Eurozone: Economic sentiment starts 2020 on a positive note
January 30, 2020
Sentiment in the Eurozone strengthened in January, although it remained quite downbeat. Economic sentiment rose to 102.8 points from December’s 101.3 points. Consequently, sentiment in the Eurozone moved further above its long-run average of 100 points.
January’s uptick came on the back of stronger confidence in the industrial and construction sectors. On the flip side, sentiment in the retail trade sector weakened, and confidence in the services sector dipped, albeit only in small measure. Meanwhile, sentiment among consumers remained unchanged. Employment plans saw notable improvements in the industrial sector, while they were largely unchanged in the construction, retail trade and services sectors.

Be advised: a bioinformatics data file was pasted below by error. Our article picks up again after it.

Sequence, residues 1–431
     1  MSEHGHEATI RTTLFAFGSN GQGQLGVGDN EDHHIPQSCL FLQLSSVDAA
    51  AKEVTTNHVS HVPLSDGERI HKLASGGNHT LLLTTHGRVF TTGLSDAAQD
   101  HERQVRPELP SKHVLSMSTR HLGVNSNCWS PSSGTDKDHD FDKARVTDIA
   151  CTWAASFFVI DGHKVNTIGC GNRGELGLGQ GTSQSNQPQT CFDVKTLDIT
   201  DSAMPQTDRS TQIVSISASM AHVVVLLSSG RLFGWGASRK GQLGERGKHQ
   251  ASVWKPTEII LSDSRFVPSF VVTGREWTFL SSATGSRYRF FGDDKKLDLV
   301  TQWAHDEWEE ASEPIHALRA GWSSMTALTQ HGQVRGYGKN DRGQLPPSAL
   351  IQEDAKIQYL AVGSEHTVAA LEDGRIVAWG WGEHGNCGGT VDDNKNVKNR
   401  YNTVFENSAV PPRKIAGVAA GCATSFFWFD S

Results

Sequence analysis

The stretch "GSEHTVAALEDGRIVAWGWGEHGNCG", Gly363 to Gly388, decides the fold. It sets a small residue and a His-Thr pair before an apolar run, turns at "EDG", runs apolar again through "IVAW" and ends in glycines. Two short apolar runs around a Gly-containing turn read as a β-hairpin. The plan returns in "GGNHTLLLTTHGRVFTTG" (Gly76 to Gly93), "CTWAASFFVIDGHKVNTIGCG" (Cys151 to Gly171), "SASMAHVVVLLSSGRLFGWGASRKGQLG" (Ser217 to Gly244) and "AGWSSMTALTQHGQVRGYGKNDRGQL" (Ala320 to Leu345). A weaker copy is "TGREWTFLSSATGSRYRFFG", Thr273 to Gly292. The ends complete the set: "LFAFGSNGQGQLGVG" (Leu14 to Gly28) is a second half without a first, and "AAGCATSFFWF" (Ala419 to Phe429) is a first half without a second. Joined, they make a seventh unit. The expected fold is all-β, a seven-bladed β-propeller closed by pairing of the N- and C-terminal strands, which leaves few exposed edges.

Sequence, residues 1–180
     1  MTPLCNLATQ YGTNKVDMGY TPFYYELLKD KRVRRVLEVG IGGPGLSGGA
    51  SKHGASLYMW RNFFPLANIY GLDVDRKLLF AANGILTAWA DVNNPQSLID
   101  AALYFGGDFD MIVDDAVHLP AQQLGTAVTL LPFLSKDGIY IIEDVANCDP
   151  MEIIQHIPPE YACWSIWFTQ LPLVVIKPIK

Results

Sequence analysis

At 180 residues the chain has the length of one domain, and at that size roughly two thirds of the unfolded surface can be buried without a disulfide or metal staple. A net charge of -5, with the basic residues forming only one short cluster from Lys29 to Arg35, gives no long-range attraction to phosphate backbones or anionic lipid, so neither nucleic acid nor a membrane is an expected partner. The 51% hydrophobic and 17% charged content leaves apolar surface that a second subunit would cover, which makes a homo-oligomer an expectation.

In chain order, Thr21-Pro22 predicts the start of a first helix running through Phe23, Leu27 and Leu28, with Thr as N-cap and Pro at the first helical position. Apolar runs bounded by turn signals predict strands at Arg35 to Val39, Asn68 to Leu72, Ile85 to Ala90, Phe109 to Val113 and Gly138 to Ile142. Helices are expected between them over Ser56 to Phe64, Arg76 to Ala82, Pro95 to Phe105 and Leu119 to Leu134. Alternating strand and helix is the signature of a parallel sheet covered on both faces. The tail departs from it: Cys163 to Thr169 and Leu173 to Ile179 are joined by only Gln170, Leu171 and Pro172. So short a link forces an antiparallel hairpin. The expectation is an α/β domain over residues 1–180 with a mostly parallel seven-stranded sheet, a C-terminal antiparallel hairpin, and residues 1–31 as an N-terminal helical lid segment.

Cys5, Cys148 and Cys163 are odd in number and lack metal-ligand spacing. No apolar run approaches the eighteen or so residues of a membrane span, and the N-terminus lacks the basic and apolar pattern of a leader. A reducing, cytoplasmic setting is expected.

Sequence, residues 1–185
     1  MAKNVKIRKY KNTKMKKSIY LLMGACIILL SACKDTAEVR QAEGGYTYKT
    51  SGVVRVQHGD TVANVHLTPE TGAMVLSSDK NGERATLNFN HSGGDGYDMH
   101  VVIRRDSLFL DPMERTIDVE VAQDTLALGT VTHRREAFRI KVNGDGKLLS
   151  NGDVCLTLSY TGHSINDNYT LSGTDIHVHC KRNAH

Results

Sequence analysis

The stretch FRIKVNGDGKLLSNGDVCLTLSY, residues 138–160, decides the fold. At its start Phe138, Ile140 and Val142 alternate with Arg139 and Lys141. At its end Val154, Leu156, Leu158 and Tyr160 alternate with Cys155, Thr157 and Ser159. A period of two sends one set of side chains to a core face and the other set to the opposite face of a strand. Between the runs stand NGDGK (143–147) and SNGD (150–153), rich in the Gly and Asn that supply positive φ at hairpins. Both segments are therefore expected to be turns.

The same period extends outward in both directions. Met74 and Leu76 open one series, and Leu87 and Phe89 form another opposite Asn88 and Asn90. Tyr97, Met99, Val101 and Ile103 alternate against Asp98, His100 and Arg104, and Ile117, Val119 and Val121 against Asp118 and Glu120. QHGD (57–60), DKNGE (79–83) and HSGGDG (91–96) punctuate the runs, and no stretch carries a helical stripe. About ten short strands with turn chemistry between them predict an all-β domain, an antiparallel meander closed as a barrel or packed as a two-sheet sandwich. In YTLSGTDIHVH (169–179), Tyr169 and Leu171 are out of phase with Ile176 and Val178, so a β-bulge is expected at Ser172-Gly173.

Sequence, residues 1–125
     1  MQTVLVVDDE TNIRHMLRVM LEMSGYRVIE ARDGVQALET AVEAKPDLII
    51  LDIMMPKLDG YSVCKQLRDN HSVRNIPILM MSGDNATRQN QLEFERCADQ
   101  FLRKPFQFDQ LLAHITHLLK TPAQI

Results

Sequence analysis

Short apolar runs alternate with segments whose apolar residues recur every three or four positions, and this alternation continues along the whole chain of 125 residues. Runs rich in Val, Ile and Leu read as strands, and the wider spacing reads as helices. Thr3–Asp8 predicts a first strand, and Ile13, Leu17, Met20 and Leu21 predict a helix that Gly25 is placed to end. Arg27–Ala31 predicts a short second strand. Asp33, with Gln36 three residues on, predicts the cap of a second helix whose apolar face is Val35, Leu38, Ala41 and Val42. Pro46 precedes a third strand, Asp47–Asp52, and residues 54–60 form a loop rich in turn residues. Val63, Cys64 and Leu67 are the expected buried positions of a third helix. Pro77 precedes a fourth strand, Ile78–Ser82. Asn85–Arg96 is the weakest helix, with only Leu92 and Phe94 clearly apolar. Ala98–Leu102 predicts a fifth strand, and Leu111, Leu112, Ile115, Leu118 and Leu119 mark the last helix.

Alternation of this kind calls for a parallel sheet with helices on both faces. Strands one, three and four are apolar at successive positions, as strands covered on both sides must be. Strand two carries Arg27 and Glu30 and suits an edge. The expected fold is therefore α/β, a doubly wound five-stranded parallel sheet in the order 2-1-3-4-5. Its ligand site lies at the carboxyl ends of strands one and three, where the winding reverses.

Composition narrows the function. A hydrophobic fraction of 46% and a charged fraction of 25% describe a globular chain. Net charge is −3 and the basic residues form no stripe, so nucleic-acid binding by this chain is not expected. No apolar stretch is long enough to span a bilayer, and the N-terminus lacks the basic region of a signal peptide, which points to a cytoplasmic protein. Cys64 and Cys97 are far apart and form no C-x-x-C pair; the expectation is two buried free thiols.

Among the largest economies of the Euro Area, sentiment strengthened in Germany and France, while it dipped in the Netherlands and, to a greater extent, in Spain.
Commenting on the release, Bert Colijn, Eurozone senior economist at ING, stated:
“While the first quarter will not see a sudden revival of growth, signs of recovery are becoming more apparent, which means that the manufacturing recession that the eurozone is currently in can be expected to end in the months ahead. That should lead to a subdued uptick in growth, even though downside risks to the growth outlook like the coronavirus could prolong the sluggish eurozone growth environment a bit more.”